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Old 03 December 2005, 09:52   #21
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Quote:
Originally Posted by paul tilley
in my humble opinion the best build quality of hulls is normally from the smaller manufacturer as are all of the uk rib builders but you will always get rogue (no offence stu)manufacturers like the one who used to use chipboard for the transom !!! ps riva where did the statistics come from the number of ribs built in the uk seems very high
Probably most of them being Avon.
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Old 03 December 2005, 12:30   #22
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Cookee, Paul I agree with what you are saying.

I don't know what your workload is but consider if you had to build say five hulls/tubes for the same order, would it be more or less cost effevtive for you to do so and would the quality standards be easier or harder to maintain.

I am not counting the costs of developing the mould or tube patterns as they would have already been done, I am just thinking of the production costs/effort
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Old 03 December 2005, 13:18   #23
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Quote:
Originally Posted by Rogue Wave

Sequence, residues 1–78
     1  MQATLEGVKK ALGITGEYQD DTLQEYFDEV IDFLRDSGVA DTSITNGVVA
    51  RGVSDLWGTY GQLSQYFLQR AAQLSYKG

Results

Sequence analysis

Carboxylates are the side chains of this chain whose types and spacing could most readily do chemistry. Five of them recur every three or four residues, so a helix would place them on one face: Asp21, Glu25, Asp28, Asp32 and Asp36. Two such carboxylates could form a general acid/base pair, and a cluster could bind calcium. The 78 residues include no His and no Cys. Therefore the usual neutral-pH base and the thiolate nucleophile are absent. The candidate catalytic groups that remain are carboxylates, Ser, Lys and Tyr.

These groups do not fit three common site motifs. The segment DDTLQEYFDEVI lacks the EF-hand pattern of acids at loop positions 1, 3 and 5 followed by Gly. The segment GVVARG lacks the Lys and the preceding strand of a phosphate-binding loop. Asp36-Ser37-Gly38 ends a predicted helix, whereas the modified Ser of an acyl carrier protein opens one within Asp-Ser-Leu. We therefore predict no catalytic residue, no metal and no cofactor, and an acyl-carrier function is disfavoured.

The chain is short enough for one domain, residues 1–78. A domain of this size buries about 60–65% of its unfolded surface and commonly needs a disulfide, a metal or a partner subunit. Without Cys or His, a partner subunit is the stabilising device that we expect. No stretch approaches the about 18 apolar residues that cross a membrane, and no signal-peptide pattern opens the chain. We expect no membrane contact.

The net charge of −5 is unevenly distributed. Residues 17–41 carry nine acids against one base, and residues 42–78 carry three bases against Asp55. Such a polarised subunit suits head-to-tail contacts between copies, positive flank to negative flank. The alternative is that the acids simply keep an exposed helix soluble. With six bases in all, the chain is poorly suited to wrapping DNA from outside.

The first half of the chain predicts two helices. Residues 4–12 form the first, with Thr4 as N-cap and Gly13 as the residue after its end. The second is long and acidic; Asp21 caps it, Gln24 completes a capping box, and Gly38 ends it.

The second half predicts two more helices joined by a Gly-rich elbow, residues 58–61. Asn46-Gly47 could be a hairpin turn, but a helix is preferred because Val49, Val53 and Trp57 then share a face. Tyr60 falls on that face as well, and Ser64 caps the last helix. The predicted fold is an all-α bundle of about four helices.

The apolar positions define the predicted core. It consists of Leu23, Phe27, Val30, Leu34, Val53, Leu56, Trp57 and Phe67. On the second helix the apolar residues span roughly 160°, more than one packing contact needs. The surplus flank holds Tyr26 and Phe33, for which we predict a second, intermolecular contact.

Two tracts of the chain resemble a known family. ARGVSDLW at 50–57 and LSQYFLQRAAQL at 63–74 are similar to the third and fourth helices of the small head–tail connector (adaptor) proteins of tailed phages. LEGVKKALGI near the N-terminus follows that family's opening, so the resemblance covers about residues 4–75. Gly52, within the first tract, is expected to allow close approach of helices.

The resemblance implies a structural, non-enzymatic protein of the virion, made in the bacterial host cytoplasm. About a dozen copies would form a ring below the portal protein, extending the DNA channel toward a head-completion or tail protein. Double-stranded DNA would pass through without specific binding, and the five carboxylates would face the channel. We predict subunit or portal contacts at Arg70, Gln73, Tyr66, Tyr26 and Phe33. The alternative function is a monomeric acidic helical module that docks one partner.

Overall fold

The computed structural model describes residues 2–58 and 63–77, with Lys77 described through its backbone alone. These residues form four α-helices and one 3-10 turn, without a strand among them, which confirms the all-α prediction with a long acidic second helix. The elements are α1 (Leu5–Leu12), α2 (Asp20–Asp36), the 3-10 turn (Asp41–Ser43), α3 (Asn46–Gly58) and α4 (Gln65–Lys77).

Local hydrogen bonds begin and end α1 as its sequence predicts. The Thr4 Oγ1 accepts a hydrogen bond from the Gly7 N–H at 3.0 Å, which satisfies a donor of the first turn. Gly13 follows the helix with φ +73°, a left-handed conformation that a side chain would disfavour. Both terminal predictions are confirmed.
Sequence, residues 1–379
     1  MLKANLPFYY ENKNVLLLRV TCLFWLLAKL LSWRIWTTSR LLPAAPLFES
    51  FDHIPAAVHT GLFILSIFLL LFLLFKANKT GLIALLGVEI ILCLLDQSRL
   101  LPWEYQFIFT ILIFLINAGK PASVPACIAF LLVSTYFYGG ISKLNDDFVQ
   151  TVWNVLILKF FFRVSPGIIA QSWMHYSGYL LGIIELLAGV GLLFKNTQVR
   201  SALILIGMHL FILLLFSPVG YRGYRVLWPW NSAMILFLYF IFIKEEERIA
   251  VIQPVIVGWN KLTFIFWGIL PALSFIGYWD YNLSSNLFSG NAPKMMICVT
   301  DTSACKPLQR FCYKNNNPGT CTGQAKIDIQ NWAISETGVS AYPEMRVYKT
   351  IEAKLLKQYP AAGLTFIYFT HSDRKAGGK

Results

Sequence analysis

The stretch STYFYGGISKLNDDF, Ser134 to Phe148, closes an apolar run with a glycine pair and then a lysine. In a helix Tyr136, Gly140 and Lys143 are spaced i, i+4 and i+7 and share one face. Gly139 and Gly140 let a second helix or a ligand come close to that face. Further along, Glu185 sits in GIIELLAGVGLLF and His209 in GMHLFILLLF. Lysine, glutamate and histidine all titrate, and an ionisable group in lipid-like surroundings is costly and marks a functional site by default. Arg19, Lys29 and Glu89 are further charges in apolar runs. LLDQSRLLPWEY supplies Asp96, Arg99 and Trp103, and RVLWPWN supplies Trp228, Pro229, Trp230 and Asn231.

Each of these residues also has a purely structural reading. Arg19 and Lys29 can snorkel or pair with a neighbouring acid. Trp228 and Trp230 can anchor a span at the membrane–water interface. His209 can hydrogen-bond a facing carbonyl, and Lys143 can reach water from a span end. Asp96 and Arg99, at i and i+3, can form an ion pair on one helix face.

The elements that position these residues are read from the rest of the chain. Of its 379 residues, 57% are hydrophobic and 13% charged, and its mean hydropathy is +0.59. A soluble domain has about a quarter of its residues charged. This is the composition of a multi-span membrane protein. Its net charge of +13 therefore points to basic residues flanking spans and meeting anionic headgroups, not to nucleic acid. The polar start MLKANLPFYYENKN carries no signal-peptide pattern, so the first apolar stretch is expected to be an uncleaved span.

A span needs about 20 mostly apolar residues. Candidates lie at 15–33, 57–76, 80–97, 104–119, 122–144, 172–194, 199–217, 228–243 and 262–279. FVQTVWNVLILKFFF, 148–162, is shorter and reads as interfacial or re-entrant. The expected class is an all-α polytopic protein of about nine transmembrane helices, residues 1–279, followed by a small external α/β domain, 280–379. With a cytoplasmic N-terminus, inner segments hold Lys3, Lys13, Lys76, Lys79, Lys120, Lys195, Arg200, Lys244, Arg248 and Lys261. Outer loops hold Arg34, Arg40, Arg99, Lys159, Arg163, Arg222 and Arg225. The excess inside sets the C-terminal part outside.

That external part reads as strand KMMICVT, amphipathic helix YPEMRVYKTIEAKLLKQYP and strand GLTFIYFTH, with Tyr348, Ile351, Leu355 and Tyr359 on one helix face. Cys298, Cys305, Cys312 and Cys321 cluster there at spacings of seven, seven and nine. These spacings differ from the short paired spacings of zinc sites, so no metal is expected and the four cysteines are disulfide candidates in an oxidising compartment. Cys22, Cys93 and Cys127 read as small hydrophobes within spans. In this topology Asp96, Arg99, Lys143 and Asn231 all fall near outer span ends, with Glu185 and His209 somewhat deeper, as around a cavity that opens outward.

I know what a chopper gun is and no i wouldn't want a boat produced by that method. As there is no real bonding between the layers of Mat.

I'd have to believe however that using proper laminating techniques on more of a production line basis might lead to some economy of scale leading to leading to a reduced COQ to the manufacturer and then hopefully the customer.
i agree to a point with what you say regarding the Chopper guns, but a lot of it depends on what specification of resin is used..... for any success in spray laminate, the use of low styrene emission resin is a no no!(surface wax preventing the toxic styrene escaping into the atmosphere) but i know from personal experience that certain high volume manufacturers use it due to styrene emissions and curing properties.....

However.... the same can be said for hand-layup techniques, but at least with hand layup there is a lot more control over the moulding being produced, but then is more time consuming...........

IMO Hand layup is far more reliable in the right hands!
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Old 03 December 2005, 13:22   #24
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well that's gud enuff for me! but how aboiut my other question
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Old 03 December 2005, 13:29   #25
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Quote:
Originally Posted by Rogue Wave
well that's gud enuff for me! but how aboiut my other question
what other Q?
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Old 03 December 2005, 13:48   #26
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Quote:
Originally Posted by Gav
i agree to a point with what you say regarding the Chopper guns, but a lot of it depends on what specification of resin is used..... for any success in spray laminate, the use of low styrene emission resin is a no no!(surface wax preventing the toxic styrene escaping into the atmosphere) but i know from personal experience that certain high volume manufacturers use it due to styrene emissions and curing properties.....